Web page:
Photo/Illutration Masako Akagi holds photos of her late husband, Toshio, at a news conference in Osaka on July 15 after the first oral arguments in her lawsuit against the central government. (Yoshiaki Arai)

Important new “testimony” has emerged about the dubious sale of state-owned land to Moritomo Gakuen which cannot be overlooked.

An individual involved in the land sale stated that there were serious problems with the process of calculating the massive reduction in the price of the plot sold to the Osaka-based school operator linked to former Prime Minister Shinzo Abe’s wife, Akie.

This person also divulged that detailed records existed of how related official documents were falsified. The government has a duty to respond to the new testimony and explain the facts.

The latest revelation was made during the trial in a damages suit filed by the widow of a former Finance Ministry official who committed suicide after becoming embroiled in the scandal.

The testimony was made by a former superior of Toshio Akagi, a bureaucrat with the Kinki Local Finance Bureau who killed himself in March 2018 and left behind notes outlining how he and others at the bureau came under strong pressure to rewrite documents related to the land sale.

What was claimed to be a voice recording of Akagi’s former superior, who was in charge of the land sale, was submitted as evidence by the plaintiff.

The plot of land in Osaka Prefecture was appraised at 956 million yen ($9.1million) but sold to Moritomo Gakuen for just 134 million yen. The government justified the eye-popping discount by saying it was made to cover the expense of removing mountains of buried waste at the site.

This questionable price reduction is at the heart of the Moritomo scandal. The voice recording indicates Akagi’s former superior had suspicions about the discount all along.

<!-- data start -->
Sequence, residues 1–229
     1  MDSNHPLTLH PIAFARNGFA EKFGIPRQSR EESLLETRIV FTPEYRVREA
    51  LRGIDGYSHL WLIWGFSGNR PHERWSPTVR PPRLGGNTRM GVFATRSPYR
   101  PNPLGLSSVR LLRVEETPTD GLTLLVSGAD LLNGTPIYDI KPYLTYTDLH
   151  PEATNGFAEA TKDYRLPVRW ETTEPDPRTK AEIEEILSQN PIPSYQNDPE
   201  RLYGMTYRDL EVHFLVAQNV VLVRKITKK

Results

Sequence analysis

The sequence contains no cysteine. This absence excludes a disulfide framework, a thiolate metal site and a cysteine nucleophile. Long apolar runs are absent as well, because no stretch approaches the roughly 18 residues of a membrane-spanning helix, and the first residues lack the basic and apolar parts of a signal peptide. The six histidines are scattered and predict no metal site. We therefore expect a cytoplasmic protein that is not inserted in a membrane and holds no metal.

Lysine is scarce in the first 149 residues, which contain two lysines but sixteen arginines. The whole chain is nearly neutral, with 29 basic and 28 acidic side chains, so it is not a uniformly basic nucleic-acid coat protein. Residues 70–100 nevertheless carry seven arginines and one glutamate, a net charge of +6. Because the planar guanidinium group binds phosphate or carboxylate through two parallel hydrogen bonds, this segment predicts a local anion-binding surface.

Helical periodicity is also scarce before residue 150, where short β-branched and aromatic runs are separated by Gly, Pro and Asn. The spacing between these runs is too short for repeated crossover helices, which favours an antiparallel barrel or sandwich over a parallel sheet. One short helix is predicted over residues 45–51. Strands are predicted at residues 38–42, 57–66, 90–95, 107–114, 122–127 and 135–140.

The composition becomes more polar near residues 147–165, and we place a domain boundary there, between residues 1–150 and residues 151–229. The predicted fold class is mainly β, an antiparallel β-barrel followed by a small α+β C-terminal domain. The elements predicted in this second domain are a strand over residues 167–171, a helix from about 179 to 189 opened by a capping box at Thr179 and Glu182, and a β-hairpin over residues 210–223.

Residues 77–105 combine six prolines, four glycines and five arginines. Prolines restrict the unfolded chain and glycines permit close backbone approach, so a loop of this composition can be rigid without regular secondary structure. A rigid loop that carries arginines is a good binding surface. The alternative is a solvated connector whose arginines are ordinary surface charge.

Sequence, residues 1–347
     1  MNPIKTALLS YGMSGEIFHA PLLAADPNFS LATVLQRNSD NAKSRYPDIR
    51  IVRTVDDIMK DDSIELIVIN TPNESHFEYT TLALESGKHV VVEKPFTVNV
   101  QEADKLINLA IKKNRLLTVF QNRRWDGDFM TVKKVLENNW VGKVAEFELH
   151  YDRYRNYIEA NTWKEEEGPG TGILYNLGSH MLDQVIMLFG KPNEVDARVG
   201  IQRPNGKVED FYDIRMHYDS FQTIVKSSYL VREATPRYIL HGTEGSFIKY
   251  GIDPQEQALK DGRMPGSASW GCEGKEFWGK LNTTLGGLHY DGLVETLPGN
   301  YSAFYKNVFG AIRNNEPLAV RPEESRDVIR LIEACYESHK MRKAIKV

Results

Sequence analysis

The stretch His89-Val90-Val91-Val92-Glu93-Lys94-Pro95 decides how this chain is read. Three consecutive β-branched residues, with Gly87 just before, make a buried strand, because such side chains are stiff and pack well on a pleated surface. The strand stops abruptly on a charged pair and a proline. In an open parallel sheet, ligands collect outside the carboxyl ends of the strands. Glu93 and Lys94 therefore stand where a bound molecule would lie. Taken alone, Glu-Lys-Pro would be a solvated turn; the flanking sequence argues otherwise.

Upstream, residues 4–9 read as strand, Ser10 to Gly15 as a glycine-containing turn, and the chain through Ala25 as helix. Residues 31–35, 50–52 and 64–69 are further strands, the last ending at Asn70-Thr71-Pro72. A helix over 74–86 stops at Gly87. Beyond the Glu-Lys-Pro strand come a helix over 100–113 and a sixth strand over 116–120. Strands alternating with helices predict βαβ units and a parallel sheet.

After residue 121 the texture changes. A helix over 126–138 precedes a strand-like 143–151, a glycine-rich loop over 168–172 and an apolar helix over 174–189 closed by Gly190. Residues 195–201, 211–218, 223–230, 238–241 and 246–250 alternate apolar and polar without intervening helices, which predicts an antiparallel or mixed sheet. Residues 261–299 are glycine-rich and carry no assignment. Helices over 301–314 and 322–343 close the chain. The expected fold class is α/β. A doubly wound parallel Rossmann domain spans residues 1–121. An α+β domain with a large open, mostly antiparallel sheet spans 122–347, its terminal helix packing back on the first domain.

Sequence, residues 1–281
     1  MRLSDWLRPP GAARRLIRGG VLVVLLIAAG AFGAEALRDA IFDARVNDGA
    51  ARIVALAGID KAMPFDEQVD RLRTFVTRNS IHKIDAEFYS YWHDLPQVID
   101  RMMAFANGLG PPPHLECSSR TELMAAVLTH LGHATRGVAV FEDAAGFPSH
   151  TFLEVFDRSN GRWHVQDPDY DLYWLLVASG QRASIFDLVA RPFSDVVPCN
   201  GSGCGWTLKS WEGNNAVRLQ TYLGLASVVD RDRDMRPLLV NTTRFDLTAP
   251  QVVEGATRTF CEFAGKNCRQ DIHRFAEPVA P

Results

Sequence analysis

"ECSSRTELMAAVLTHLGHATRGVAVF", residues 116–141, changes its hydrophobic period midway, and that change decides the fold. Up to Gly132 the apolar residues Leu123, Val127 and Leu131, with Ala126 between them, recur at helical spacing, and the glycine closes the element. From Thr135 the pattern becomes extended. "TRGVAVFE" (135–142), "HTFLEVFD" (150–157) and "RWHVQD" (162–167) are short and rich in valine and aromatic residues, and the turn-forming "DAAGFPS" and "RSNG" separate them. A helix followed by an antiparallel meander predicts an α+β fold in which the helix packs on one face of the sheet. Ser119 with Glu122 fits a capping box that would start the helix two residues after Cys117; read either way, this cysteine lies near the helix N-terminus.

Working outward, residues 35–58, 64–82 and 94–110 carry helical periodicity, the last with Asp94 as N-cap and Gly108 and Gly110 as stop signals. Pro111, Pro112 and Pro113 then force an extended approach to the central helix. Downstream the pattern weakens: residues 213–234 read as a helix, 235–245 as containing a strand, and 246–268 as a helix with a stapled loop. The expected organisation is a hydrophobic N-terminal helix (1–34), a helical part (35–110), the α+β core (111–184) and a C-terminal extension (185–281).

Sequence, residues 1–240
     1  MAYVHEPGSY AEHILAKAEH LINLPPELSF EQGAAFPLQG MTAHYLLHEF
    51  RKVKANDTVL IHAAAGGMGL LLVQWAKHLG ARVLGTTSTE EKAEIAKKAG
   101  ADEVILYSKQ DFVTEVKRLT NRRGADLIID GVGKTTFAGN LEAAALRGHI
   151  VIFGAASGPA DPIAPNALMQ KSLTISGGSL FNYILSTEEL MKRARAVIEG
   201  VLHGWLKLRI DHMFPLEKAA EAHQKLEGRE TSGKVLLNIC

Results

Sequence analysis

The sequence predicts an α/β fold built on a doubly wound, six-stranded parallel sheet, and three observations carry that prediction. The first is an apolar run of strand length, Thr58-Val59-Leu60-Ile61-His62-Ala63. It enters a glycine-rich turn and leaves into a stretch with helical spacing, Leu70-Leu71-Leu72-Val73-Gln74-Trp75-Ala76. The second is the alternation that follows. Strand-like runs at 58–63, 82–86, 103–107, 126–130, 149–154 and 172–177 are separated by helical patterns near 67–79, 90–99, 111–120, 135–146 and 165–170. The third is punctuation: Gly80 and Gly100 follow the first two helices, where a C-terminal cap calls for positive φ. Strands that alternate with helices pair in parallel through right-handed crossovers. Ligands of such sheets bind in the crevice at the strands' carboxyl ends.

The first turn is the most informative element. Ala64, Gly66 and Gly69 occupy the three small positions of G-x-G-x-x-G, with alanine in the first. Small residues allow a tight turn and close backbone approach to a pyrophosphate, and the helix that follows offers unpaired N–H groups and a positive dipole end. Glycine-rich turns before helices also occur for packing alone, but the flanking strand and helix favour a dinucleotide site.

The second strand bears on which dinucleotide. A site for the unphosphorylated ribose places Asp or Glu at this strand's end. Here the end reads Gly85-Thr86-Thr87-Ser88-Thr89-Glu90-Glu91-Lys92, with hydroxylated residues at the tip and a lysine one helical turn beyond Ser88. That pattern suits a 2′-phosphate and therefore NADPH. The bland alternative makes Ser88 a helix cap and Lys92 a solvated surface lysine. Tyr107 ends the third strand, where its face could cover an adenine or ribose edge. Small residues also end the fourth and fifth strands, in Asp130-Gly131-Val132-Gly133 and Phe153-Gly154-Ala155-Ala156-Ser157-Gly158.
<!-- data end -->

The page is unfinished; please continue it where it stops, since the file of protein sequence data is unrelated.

When Akagi’s former boss visited the home of his widow, Masako, to express condolences in March last year, he disclosed that the amount of the price reduction was determined by the transport ministry’s Osaka Civil Aviation Bureau.

He said there were “problems” with the process of determining the price cut of 800 million yen. He also asserted that there was no solid ground for the estimate of the cost of removing the buried waste.

While stressing that the discount had not been made for a specific politician, the former superior repeatedly expressed his regret over the land deal, according to the plaintiff.

As for the falsification of related documents, Akagi’s former superior said there were records of the deceased official’s exchanges with the Finance Ministry, adding the documents would “make the whole process clear.”

When Akagi’s widow referred to Nobuhisa Sagawa, who was director-general of the ministry’s Financial Bureau that oversaw the sale of state assets and is suspected of having given the order to falsify the documents, Akagi’s former superior said it was “of course, Mr. Sagawa,” who ordered the doctoring of official document.

During the trial, the plaintiff demanded that the records be submitted as evidence. The plaintiff also intends to request that those involved be summoned to testify. The government has no choice but to make a sincere response to these requests.

Clarifying the process leading to the sale of land at such a massive discount is essential for assessing the emotional distress Toshio Akagi suffered when he was ordered to falsify the documents and to judge whether it prompted him to take his own life.

As the holders of sovereignty, the Japanese people and taxpayers deserve to know the truth about how and why such crooked administrative action was taken.

Abe's successor, Prime Minister Yoshihide Suga has pledged to continue the Abe administration’s policy agenda, and is trying to keep a lid on vital facts concerning the scandal.

The administration has made a point of citing the Finance Ministry's its own inquiry into the matter and the fact that disciplinary action was taken against the officials involved. It also stated that the Osaka District Public Prosecutors Office finished its investigation without indicting any official.

But the Finance Ministry’s in-house probe has no credibility because it is the party blamed for the misconduct. The prosecutors’ investigation only focused on the possible criminal liability of the officials involved. The whole picture of the scandal remains far from clear.

Masako Akagi’s desire to know the truth is shared by many Japanese. The Diet, as the watchdog of the government, is still responsible for getting to the bottom of the scandal even though Abe is now out of office.

If it leaves the matter entirely to the court, the Diet is not worthy of its title as the highest organ of state power.

--The Asahi Shimbun, Oct. 17